Bolivia’s minister of government, Eduardo del Castillo, said Saturday that Áñez was in stable condition after sustaining “some small scratches on one of her arms.”
U.N. representatives who visited her in jail on Sunday said she reported feeling “physically weakened and deeply emotionally affected.” She has received medical and psychiatric attention, and was being granted visits from family members at night, the representatives said in a statement.
Áñez was vice president of the Bolivian senate in October 2019 when Bolivia’s election tribunal declared Morales the winner of an election that critics said was marred by fraud. Rising protests drove Morales out of the country. In the absence of Morales and other top leaders from his Movement for Socialism, Áñez declared herself the nation’s interim president — and was soon recognized by the United States.
At first, Áñez promised to be a caretaker leader with the sole objective of organizing new elections. But the conservative Morales critic was soon replacing cabinet ministers and top military leaders and threatening to prosecute “seditious” lawmakers. Prosecutors under her administration pursued terrorism charges against the exiled Morales.
Arce, a former finance minister under Morales, won a landslide victory in October. In March, authorities arrested Áñez and several former government officials on charges of “sedition, terrorism and conspiracy.”
Bolivians remain divided on the question of whether Áñez’s rise to the presidency was, in fact, a coup.
Hernán Terrazas, a political analyst and journalist, said the Arce government is merely pursuing a “politics of revenge” rather than focusing on the pressing challenges of the coronavirus pandemic and the economic crisis.
Allegations of excessive use of force under her government should be investigated, Terrazas said, but by a justice system that is “balanced, that’s independent.”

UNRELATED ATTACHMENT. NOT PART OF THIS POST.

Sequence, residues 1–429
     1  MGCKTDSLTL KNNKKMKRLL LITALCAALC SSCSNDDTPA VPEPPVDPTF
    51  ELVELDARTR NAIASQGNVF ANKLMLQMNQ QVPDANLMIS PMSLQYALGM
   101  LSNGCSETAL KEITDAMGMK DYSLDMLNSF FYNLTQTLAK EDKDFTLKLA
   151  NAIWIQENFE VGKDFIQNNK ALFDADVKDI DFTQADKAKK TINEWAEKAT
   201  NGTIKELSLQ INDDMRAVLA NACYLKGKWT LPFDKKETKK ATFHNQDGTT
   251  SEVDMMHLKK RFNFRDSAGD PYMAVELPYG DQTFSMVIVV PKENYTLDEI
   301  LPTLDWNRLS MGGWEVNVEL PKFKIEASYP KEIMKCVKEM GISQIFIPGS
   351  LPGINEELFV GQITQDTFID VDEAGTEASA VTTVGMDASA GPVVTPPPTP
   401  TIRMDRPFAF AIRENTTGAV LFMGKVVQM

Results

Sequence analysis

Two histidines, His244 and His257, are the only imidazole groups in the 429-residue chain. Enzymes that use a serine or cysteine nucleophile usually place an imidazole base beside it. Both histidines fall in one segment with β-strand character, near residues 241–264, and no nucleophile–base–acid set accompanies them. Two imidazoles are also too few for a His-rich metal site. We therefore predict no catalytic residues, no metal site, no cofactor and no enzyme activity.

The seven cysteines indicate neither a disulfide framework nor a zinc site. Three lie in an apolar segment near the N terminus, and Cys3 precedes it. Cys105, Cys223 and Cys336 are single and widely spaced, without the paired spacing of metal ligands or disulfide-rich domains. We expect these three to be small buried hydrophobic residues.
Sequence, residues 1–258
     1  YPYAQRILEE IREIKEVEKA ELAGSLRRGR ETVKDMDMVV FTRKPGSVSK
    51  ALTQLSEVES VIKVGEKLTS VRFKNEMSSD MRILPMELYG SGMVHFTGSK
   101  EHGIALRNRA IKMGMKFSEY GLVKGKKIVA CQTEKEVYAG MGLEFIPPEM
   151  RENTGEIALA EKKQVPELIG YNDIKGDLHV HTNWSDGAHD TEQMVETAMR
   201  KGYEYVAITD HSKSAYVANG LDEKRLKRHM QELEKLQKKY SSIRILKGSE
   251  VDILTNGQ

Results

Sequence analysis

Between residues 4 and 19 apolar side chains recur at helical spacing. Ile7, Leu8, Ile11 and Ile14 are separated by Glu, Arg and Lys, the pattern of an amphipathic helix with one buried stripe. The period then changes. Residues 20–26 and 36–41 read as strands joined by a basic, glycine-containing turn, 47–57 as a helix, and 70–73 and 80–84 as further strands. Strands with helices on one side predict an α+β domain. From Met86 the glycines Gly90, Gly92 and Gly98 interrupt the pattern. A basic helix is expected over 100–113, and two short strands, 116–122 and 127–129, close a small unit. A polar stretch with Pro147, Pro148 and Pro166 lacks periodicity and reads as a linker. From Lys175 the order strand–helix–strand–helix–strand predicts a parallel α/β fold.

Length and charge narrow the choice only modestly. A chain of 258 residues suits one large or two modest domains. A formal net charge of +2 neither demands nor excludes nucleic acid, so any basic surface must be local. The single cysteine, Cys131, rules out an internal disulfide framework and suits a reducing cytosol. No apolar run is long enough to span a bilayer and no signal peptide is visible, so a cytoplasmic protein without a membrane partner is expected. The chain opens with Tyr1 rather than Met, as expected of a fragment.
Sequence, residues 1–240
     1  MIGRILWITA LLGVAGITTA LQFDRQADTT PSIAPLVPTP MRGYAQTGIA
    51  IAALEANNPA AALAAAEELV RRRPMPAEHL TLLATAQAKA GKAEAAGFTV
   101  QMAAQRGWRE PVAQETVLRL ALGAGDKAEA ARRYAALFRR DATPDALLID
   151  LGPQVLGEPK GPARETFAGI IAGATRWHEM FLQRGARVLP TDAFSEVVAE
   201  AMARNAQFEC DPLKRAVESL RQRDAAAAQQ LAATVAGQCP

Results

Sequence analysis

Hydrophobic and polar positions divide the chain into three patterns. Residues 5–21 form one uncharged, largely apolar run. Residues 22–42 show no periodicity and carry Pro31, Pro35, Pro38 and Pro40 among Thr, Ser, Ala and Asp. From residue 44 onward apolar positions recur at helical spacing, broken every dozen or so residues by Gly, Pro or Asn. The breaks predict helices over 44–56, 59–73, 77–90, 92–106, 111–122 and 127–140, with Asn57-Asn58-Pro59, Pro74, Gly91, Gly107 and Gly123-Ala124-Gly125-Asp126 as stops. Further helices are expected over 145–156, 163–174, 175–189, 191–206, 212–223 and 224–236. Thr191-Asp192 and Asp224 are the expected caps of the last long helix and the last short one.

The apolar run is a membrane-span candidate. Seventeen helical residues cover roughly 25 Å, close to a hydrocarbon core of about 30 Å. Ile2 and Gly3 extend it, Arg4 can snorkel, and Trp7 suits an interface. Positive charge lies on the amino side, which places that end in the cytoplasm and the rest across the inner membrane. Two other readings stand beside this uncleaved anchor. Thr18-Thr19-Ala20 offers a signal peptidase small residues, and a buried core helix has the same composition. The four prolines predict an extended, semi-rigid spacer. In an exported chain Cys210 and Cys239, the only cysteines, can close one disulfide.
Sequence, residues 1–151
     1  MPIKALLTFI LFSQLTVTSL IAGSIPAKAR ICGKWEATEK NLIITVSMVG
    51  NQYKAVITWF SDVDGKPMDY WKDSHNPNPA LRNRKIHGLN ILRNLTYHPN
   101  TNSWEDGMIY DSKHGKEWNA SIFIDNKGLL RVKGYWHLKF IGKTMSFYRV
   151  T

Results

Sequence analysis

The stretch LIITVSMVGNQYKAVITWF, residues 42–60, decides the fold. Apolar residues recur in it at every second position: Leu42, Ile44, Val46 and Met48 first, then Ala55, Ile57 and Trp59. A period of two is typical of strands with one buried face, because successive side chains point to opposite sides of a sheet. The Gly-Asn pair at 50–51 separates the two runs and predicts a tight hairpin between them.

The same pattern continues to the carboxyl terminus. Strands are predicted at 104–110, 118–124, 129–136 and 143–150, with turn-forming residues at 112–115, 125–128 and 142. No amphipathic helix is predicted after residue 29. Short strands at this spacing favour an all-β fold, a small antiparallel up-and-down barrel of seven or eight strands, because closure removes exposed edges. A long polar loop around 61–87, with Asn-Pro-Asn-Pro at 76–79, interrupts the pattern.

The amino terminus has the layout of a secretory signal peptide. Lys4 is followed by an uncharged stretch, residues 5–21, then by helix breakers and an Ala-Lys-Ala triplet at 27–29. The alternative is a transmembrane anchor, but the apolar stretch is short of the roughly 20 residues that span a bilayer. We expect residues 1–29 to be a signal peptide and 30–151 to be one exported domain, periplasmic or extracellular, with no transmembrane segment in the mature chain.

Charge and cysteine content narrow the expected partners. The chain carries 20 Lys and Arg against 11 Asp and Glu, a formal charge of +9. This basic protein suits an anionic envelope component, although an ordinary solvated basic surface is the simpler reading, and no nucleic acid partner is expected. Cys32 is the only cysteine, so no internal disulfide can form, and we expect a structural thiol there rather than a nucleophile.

“We’re facing a justice system that’s an instrument of punishment and vendetta,” he said.
Kathryn Ledebur, director of the Andean Information Network, argued that Áñez’s ascent to the presidency was a “textbook coup.” She rejected the idea that her pretrial detention amounted to political persecution. She pointed to the systematic torture documented in the OAS watchdog report.
The Group of Independent Experts described illegal detentions in which detainees were subjected to beatings and Taser shocks, ordered to stay on their knees for hours with their hands behind their necks and at times deprived of water, food or access to a bathroom. The group also reported evidence of female detainees being threatened with sexual assault and harassment.
“There’s a powerful discourse, which I would say is very discriminatory, racist, classist discourse, that low-income people can be tortured … but Jeanine Áñez by the very nature of being in pretrial detention is being persecuted. I don’t think that’s an accurate situation,” Ledebur said. “I’m sorry that she’s having a hard time emotionally. That doesn’t mean that what’s happening to her is illegal, abusive or illegitimate.”